Cisco Blogs


Cisco Blog > Small Business

Believing These 5 Security Myths Could Put Your Business At Risk

Learn the truth behind these common misconceptions to rethink your security

Many small businesses have a false sense of security. They’ve been lulled into believing that their companies’ data is more secure than it actually is, because they believe some of the common misconceptions about security. Consequently, these businesses have left themselves open to both data and financial loss.

Don’t put your business at risk. Learning the truth behind these five security myths will help you strengthen your company’s network defenses and protect your critical information.

1. “My small business is not a target.” Actually, your small business is a target. Size doesn’t matter if you have something valuable that a cyber criminal wants, including customer credit card numbers, software license keys, or competitive product data. In fact, many attackers rely on small business believing this myth because it makes them less likely to lock down their networks.

Recent research further dispels this myth. According to The 2011 Verizon Data Breach Investigations Report, cyber criminals have made small businesses a prime target. Attackers are using ”unsophisticated methods“ to break into small business networks with small, opportunistic attacks. Also, the 2010 report found that 63 percent of reported data breaches were at companies with 100 employees or fewer.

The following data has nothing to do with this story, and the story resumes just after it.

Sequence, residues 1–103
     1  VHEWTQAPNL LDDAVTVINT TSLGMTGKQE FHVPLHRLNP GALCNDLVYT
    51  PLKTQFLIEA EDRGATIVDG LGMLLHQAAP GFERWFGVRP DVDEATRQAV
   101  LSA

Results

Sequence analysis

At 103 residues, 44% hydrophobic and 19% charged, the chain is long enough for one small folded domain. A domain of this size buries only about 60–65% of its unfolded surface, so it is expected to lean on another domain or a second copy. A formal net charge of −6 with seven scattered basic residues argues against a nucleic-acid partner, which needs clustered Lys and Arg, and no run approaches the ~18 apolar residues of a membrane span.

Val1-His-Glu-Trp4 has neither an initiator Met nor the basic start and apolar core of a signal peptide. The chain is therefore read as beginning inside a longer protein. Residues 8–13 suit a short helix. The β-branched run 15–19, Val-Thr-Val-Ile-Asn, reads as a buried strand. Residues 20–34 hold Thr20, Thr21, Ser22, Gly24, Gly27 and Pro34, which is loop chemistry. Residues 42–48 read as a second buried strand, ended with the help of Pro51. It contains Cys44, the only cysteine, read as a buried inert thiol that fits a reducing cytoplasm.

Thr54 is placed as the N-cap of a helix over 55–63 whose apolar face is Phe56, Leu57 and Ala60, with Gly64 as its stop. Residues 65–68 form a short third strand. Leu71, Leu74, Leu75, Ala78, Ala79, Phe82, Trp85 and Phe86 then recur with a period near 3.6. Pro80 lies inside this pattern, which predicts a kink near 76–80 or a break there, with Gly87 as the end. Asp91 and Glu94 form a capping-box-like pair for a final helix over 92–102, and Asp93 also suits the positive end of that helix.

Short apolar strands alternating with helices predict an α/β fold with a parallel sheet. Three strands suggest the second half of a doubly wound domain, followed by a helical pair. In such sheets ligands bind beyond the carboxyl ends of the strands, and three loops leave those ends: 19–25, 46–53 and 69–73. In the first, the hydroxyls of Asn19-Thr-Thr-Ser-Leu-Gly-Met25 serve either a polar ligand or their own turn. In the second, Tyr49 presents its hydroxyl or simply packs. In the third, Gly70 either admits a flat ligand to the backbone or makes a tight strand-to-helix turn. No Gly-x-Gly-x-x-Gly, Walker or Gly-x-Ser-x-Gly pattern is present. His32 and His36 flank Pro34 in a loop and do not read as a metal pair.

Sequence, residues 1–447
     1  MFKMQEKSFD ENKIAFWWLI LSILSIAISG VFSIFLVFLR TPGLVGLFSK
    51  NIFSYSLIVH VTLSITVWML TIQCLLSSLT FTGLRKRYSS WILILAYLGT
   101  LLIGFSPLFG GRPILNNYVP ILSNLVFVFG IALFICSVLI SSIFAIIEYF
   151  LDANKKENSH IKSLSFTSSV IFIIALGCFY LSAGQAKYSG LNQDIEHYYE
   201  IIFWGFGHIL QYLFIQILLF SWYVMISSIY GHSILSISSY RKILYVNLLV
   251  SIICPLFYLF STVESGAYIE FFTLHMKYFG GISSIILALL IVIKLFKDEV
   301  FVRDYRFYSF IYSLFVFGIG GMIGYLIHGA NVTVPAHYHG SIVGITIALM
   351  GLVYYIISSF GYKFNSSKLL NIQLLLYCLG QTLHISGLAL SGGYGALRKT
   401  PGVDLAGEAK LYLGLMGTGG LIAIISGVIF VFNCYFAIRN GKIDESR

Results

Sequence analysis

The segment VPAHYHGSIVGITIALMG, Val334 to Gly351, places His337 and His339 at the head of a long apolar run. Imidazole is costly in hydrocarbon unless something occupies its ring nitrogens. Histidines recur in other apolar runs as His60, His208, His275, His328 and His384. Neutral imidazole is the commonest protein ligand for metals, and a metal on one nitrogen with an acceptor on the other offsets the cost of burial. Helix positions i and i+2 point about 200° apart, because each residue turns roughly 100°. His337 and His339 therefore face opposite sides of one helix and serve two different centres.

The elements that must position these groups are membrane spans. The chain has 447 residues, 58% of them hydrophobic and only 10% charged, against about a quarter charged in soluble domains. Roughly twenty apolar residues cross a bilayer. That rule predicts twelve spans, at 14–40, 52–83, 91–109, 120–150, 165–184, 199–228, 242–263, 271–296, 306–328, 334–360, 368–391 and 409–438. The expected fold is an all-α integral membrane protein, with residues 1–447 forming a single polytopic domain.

Need further proof that your small business could be a target? The Wall Street Journal reported that an estimated 95 percent of the credit card breaches Visa discovers are perpetrated against small companies.

Believe your small business is a target and set up your network security as though you expect a cyber criminal to go after your assets.

2. “We’re safe because we have a firewall.” A firewall is a necessity for controlling access in and out of your network, but it can’t protect your business from every security threat. According to the Verizon report, 96 percent of the reported security incidents could have been prevented by simple, inexpensive security measures like antivirus and antimalware software. So a firewall combined with other threat protection measures is the way to go and for many small businesses, the most efficient way to do this is with an appliance that provides several security functions in a single device, such as the Cisco SA 500 Series Security Appliances.

It’s also important to remember that not only are new security threats always emerging, but as your business changes, your security needs review and adjustment as needed. The firewall settings you originally configured may no longer protect your business. For example, if you need to open up your network to remote access, your firewall needs to be configured to allow authorized traffic in through a virtual private network (VPN).

3. “We don’t need an acceptable use policy.” Even though your company may have only a handful of employees and feel more like family, you still need an acceptable use policy (AUP) to establish rules for using the company network and ensuring that everyone follows those rules. An AUP helps reinforce company security practices and acts as a kind of insurance in case something goes wrong. It outlines what kind of online behavior and network use is appropriate and what the ramifications are for employees who break those rules. The policy also protects against HR liabilities and supports employment laws.